I once had an idea I considered brilliant for a book to be titled “Dare to be Average.” I envisioned a lighthearted parody of the motivational program “Dare to be Great.” A Google search, however, determined my proposed title had already been taken. I’ve not read the book by David Martin, but per the brief description his concept seems to be in sync with my own.
Jimmy Collins is a friend and a member of our men’s Sunday School class at Vienna First Baptist. I told him about my initial excitement for such an undertaking and related the unexpected transition toward disappointment. He suggested an alternative title, “Aspirations of Mediocrity.” Jimmy thought my inspiration to cover a topic that had already been addressed further validated the project.
Since then I’ve learned that book titles aren’t protected by copyright, so if I want to title my book “Dare to be Average” then legally I can. Copying a title seems like a good beginning for a book which heralds the celebration of coming in second in a three-man race.
I don’t remember ever hearing a squad of cheerleaders enthusiastically chanting, “We’re Number Two!” That wouldn’t resonate with most crowds. And parents never boast to their friends, “Just look at my kid! He’s about average!” But maybe we should rethink some of those things.
I doubt I will ever write such a book. That would take a lot more than an average effort. But I hope this column will encourage others to celebrate life in the middle of the pack.
I should probably clarify that a bit. I’m not saying our goal should be to secure a spot near the middle. We should, instead, fervently try to excel. But there’s no shame in average results if we’ve made our best efforts.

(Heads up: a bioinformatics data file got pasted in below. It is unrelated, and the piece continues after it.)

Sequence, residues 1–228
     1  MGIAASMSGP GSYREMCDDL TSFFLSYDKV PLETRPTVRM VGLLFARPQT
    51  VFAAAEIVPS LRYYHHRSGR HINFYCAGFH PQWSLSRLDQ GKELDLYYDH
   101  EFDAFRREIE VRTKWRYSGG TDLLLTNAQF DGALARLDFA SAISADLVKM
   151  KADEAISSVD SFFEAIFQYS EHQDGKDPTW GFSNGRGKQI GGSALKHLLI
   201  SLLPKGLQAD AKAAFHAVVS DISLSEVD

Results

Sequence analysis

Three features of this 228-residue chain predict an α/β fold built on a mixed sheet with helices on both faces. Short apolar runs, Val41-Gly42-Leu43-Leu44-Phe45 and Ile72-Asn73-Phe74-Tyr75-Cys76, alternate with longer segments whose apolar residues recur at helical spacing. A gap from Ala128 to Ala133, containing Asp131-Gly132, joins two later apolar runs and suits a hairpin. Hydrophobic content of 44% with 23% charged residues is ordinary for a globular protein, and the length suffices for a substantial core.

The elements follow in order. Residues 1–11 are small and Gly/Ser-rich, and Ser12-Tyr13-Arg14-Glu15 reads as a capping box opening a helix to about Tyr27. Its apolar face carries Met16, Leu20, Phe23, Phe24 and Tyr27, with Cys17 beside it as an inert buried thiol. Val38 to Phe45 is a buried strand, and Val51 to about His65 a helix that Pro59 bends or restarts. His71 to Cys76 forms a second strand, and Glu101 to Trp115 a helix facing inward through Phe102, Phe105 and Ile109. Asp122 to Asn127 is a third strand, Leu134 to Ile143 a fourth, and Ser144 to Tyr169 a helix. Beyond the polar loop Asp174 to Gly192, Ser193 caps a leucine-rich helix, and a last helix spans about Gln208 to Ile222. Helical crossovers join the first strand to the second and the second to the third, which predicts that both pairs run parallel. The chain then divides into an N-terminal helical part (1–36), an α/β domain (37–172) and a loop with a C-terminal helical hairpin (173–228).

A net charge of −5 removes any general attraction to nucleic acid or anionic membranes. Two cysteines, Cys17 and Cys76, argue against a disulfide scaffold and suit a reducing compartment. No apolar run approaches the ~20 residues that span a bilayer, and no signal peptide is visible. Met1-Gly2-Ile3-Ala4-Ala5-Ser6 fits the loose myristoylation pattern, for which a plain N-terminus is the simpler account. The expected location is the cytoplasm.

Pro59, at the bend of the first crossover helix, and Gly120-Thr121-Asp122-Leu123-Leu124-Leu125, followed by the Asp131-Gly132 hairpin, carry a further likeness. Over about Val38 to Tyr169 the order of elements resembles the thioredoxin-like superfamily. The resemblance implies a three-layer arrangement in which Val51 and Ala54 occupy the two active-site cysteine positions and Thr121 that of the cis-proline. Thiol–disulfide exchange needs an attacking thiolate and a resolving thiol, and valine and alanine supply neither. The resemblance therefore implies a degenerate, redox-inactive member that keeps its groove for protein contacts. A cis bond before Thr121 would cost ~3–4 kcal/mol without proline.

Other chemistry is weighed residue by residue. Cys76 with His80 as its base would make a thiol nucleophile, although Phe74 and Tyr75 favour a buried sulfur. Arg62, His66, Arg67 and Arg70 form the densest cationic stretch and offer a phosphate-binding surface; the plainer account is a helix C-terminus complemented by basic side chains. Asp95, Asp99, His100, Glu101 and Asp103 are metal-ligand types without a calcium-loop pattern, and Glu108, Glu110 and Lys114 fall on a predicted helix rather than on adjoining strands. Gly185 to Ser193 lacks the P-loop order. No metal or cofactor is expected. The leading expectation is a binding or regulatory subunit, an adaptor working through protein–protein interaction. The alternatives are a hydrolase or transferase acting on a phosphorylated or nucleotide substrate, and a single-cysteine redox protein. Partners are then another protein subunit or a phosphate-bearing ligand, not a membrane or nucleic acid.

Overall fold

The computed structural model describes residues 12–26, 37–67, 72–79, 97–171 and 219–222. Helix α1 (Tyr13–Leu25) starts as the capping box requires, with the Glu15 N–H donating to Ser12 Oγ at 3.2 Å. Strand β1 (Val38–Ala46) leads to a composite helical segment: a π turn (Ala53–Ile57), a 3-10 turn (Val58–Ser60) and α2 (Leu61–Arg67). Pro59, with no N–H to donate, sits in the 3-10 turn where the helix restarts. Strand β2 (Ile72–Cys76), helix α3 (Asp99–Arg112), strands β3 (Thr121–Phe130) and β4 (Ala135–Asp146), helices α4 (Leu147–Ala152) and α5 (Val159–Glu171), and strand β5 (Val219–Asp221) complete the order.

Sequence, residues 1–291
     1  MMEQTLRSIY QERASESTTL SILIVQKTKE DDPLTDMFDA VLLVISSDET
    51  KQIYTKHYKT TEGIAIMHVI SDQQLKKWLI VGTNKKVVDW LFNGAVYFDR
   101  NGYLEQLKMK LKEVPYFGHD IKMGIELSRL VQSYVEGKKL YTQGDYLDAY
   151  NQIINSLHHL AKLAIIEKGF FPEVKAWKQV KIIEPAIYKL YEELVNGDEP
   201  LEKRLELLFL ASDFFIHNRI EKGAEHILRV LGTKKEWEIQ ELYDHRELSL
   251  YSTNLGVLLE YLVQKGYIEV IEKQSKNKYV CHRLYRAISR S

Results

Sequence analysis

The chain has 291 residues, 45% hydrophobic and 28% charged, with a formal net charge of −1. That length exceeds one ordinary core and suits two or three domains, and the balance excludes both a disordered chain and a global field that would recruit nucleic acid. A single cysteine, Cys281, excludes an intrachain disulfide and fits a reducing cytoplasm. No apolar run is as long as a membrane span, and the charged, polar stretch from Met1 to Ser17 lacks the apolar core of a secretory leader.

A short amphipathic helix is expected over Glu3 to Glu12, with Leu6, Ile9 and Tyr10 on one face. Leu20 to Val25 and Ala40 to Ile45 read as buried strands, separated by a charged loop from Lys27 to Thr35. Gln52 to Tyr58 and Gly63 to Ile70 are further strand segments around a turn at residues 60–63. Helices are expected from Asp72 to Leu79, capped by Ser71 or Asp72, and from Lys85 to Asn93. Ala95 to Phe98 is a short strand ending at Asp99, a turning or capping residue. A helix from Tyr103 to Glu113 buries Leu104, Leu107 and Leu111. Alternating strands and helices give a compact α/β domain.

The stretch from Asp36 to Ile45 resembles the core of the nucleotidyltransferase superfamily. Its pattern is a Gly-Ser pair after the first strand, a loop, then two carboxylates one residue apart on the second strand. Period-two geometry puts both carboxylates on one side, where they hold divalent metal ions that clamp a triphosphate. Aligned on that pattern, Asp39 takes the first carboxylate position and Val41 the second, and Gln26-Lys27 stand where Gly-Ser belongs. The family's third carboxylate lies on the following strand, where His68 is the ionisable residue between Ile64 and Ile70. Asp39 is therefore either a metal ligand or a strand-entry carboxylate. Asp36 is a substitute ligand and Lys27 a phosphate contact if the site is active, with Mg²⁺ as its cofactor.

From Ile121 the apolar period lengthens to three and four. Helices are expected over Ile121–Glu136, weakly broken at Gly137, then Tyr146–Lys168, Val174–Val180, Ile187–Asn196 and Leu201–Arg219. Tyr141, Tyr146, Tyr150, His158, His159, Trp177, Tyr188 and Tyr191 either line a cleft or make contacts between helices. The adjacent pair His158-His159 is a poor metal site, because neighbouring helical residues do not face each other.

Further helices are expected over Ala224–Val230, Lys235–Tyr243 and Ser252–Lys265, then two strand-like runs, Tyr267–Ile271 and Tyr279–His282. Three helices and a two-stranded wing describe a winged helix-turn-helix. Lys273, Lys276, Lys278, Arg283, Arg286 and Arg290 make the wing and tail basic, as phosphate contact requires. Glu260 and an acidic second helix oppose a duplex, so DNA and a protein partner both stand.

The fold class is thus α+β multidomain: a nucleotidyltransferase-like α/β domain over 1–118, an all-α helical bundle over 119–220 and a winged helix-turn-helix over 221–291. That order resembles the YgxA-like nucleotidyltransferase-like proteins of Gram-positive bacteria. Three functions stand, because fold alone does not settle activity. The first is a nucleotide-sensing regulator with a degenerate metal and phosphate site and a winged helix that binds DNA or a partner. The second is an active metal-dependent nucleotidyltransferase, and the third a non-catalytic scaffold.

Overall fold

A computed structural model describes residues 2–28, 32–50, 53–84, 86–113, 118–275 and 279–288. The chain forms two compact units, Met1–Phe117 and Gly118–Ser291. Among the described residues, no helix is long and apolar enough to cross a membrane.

I’m an average piano player, better than some but not as good as many others. With a lot of practice, I might be able to move up a notch or two on the list, but I’d still fall into that group of folks with mid-level talent. There’s nothing wrong with that. I enjoy playing and I play well enough to help out at church. I’ve been to a few nursing homes recently and so far no one has complained. If I aspired to greatness on the piano, I would have become frustrated long ago and probably quit playing.
My wife enjoys sewing, but it takes her a long time to complete a detailed project. She is an unlikely candidate to win Seamstress of the Year, but that doesn’t diminish her pleasure. Our grandchildren don’t check to see if the stitching is perfect. They thank her with a big hug. Average talents can produce exceptional results.
One area, however, that is tempting to settle too easily for being average is our faith. Our churches have plenty of empty pews to prove it. We tend to give our best efforts to our jobs, hobbies, and hopefully our families. But giving our best to God can be a lot more challenging. His reward system is a long-term plan. It doesn’t promise a paycheck at the end of each week.
Years ago, a couple came to my office at Bank of Dooly for some financial counseling. They had, as the country song says, “too much month at the end of the money.” When I reviewed their checking account it surprised me they faithfully tithed. I mentioned it, not sure where the conversation was headed. The husband said, “We write our check to the church the first of every month. We might not have the money to tithe if we waited.”
I don’t know if I helped them with their budget, but they helped me with my perspective.
If we only give from our abundance, then we’re settling for being average. That’s true of everything, including our time, talents, money, and attitude. The greeting that Christians hope for one day is, “Well done thou good and faithful servant” (Matthew 25:21). It sure would be disappointing to hear Jesus say, “It looks like you were about average.”
There are a lot of days when the average line is the one I would be asked to stand it, but that’s not what Jesus wants for any of us. He can use average talents, but he expects our efforts to be the best.
Maybe a better title for a book would be “Dare To Be Our Best.” I think I’ll check Google to see if it’s already been written, but that can wait until tomorrow. I’ve already made an average effort today.